Presents a collection of papers by economists theorizing on the roles of altruism and morality versus self-interest in the shaping of human behavior and institutions. Specifically, the authors examine why some persons behave in an altruistic way without any apparent reward, thus defying the economist's model of utility maximization. The chapters are accompanied by commentaries from representatives of other disciplines, including law and philosophy.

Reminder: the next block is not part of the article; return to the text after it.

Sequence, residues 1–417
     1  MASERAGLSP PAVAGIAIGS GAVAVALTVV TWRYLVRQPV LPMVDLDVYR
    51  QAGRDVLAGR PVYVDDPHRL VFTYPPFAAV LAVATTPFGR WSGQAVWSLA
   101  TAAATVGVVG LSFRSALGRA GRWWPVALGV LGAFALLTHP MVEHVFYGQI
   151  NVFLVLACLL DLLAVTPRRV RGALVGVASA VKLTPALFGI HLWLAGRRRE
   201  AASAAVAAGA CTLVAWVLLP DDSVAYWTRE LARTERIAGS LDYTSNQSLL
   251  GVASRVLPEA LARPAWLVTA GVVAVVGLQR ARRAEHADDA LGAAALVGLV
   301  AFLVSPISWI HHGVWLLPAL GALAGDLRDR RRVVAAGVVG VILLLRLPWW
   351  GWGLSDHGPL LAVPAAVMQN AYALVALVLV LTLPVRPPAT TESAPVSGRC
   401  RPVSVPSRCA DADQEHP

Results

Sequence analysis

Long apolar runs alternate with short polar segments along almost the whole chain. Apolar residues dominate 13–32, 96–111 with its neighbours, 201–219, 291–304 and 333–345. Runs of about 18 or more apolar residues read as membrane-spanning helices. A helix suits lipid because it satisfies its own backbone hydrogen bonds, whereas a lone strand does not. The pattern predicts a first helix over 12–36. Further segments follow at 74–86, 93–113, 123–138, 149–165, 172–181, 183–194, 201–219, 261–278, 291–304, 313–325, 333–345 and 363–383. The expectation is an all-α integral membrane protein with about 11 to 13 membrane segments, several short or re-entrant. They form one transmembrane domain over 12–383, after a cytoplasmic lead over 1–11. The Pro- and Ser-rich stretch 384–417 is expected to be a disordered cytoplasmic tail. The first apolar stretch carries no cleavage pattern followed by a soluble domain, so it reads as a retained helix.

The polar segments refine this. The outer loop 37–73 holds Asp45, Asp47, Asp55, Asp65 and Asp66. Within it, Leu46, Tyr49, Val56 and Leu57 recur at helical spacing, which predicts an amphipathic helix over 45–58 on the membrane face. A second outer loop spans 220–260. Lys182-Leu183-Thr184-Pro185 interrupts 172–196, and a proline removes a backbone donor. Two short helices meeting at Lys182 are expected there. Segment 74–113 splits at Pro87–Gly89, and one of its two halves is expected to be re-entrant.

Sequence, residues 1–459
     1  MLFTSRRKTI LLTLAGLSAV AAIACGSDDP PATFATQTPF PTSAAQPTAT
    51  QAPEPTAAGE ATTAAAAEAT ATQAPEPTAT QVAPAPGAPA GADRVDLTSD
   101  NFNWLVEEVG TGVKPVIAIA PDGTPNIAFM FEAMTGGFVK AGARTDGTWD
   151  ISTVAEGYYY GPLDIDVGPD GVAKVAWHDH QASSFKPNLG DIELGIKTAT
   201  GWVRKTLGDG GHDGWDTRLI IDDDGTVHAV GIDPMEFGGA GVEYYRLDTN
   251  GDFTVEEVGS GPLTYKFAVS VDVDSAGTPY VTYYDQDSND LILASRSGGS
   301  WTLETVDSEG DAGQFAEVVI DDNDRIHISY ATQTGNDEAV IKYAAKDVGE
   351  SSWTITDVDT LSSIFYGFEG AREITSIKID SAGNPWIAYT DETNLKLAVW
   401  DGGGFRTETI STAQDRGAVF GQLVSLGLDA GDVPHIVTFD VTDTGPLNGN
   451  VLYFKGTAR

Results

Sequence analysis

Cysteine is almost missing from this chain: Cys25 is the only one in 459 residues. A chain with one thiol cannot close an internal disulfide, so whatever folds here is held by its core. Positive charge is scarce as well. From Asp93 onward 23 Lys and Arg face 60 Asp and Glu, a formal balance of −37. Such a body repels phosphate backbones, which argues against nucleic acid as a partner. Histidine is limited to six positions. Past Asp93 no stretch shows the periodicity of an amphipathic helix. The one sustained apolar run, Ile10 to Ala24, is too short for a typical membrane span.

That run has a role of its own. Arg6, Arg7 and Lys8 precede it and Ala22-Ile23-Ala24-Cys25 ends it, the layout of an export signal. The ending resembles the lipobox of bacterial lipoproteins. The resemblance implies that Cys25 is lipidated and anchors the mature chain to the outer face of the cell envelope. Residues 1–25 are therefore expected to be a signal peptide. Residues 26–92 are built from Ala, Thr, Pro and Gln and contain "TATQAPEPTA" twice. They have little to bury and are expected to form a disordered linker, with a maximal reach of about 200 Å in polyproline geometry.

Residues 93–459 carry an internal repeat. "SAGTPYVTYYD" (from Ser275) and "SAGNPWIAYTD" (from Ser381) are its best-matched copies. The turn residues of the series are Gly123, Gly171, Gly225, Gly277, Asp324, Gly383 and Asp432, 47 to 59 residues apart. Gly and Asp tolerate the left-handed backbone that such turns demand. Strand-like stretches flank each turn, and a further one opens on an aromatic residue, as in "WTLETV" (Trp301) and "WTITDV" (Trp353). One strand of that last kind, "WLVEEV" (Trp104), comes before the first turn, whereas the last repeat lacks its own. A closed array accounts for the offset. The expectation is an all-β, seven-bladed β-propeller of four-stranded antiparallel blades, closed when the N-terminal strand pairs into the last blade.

EDMUND S. PHELPS is professor of economics at Columbia University.
CONTRIBUTORS: Kenneth J. Arrow, William Baumol, Bruce R. Bolnick, James M. Buchanan, Guido Calabresi, Peter Hammond, Edward F. McClennen, Roland N. McKean, Thomas Nagel, Wilfried Pauwels, Edmund S. Phelps, Amartya K. Sen, Karl Shell, William S. Vickrey, and Burton A. Weisbrod